June 13, 2009.
The other day I wrote what I thought was a fair, impartial, fact based account about the ineptitude of another mariner. Even though every word was true Christy decided that by naming names I had gone a bit too far. I thought by naming names I was actually performing a public service. I mean let’s say you had a serial killer living on your block, would you prefer to know exactly who it was or would the fact that you know there’s a maniac in the neighborhood be enough? Yeah, that’s what I thought too.
As luck would have it, today we crossed wakes with the aforementioned unnamed mariners. We were on our way into the dinghy dock when I mentioned to Christy that the dink approaching from our left hadn’t notice us yet. They were at least 200 feet away and I was sure they’d turn around and see us any moment.
There are established rules of the road for boaters and in this situation we were what is referred to as the “stand on vessel”. That means we’re supposed to maintain course and speed so that there’s no confusion resulting in both boats altering course and making matters worse. Simply stated, in this situation, they’re supposed to avoid us. There is another rule that over rules all the other rules and that is that every boat, regardless of right of way will do everything possible to avoid a collision. Thank God there are no rules pertaining to how many times you can actually use the word rule in a sentence. Anyway…..
They obviously didn’t see us; it was no big deal, so we came to a stop to let them pass across our bow. It was pretty amusing when they were about 3 feet from us and they finally turned to face where they were going and we were sitting practically right next to them. They weren’t surprised or startled. It just seemed to be something that happens all the time. They just kinda waved and said “Hi” as they motored by. We said “Hi” back and as they passed, I looked down and there on the side of their dink was their big boats name. They were the same people from the other day that were so intent on watching their chartplotter in the Alligator River that they kept running aground. Christy and I kind of exchanged looks, shook our heads and went on our way.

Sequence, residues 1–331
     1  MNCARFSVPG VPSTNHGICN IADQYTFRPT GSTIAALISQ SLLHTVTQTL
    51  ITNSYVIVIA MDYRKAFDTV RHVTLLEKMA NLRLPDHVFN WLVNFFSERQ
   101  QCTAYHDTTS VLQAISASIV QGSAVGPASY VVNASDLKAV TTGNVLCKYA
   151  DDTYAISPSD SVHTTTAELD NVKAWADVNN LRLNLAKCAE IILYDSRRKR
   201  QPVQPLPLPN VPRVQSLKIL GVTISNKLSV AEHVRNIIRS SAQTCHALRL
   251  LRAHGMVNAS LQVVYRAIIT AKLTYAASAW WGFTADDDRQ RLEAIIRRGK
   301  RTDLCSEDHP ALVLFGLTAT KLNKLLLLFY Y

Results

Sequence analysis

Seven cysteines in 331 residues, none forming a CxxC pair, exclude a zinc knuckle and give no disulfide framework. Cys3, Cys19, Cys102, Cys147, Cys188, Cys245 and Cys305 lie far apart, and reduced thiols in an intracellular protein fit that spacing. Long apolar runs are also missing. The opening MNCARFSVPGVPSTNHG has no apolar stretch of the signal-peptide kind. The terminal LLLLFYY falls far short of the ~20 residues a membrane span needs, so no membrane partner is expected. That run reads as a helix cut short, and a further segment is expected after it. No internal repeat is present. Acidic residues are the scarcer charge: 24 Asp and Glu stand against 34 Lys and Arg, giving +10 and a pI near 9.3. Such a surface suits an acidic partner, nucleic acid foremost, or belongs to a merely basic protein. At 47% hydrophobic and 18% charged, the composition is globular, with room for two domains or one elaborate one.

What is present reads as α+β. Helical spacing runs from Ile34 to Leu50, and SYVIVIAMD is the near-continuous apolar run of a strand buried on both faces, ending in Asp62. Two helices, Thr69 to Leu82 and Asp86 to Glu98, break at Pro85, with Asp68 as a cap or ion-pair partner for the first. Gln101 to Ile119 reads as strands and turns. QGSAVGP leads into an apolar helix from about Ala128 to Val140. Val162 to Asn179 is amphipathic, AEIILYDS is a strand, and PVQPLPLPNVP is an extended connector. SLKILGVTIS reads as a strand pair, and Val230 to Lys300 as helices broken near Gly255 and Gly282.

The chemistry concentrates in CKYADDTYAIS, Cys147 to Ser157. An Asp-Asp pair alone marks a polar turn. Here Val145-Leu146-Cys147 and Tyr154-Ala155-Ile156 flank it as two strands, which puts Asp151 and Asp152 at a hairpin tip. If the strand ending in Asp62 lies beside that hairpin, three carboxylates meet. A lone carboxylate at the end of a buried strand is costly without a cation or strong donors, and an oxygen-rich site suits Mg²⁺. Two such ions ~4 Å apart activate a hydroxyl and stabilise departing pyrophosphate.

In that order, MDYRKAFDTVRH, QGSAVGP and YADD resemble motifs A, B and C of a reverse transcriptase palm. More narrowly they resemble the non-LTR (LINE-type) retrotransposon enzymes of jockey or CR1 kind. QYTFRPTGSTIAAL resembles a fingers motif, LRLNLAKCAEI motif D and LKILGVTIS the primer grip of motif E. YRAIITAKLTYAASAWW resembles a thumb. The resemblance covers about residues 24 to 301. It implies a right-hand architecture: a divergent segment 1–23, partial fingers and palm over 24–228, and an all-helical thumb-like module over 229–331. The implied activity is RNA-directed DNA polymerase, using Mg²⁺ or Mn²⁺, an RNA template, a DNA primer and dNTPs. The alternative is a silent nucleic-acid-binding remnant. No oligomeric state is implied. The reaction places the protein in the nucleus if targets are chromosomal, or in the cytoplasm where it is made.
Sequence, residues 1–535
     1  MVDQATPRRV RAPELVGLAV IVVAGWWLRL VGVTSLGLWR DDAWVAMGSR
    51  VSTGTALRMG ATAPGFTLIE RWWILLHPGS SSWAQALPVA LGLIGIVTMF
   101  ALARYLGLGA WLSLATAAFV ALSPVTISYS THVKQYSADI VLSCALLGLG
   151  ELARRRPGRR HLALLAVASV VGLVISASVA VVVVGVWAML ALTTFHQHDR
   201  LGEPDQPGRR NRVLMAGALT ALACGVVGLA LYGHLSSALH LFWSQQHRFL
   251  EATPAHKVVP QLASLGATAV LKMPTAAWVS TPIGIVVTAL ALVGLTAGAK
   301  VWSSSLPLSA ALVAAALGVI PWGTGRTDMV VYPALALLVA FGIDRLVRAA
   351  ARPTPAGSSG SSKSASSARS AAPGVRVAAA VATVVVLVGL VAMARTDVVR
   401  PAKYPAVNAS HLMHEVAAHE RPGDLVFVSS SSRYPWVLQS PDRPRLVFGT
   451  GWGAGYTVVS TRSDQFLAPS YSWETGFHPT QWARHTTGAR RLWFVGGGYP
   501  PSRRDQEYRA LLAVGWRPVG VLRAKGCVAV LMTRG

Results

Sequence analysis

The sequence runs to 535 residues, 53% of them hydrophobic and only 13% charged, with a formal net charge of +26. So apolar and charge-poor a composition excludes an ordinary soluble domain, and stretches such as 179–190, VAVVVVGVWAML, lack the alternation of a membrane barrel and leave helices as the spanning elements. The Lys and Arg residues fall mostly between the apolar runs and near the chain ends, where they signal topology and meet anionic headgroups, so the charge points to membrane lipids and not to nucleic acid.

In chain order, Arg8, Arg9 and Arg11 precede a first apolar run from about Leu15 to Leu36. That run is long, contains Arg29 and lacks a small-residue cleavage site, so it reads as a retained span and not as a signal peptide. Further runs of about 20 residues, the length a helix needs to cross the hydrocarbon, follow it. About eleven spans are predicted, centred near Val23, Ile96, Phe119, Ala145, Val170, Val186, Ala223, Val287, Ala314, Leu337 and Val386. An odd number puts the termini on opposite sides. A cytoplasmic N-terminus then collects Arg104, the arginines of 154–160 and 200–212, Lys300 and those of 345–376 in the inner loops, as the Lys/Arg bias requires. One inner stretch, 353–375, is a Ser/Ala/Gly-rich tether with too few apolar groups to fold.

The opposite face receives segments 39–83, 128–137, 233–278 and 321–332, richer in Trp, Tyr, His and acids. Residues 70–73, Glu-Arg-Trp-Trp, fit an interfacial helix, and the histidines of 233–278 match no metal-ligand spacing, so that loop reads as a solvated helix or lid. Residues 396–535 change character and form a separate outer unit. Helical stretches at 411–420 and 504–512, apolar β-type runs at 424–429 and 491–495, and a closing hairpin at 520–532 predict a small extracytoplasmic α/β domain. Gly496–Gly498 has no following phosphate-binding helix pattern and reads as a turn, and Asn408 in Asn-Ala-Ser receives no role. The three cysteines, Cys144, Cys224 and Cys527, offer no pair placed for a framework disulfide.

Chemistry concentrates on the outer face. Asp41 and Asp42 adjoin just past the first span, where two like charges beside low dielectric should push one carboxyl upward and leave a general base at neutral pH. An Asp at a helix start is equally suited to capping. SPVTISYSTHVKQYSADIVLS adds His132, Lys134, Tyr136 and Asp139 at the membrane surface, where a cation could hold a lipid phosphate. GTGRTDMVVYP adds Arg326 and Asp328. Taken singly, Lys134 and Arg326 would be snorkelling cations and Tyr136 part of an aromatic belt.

So let’s talk about other hazards on the water…………………………
I’ll be the first to admit that when it comes to spicy food I’m a wimp. I’m the guy that they make mild salsa for. Christy has a hard time taking that seriously so as a result we have a lot of medium salsa onboard as she attempts to change my preferences.
The other night when she served dinner I started to eat and had to stop and ask “Are you mad at me?”. She said “Why, what’s wrong?” I thought I was gonna die. She had made a Spanish dish for the evening’s meal. It consisted of Chorizo, rice, diced tomatoes and black beans and various spices. I know it sounds pretty good but evidently Chorizo is the Spanish word for magma.
Christy had been food shopping with Nancy from Solitaire and was unfamiliar with Chorizo. Nancy said it was “really good”. So if I actually had died, Nancy would be sitting there in court as a codefendant.
It was so hot that I couldn’t even pick around the small chunks of sausage. Its juices had permeated the entire dish. Christy was laughing at me so hard she couldn’t breathe and had tears in her eyes. That was until she realized just how hot her meal was. Now all of a sudden it was more like “Yeah, this is pretty hot”. She likes her food as spicy as she can get it, and this was even too much for her palate.
So we both picked the chunks of Chorizo out and threw them overboard. I’m surprised that there wasn’t a fish kill. Anyway….the swelling has finally gone down in my lips so we’ll be getting underway tomorrow for Annapolis.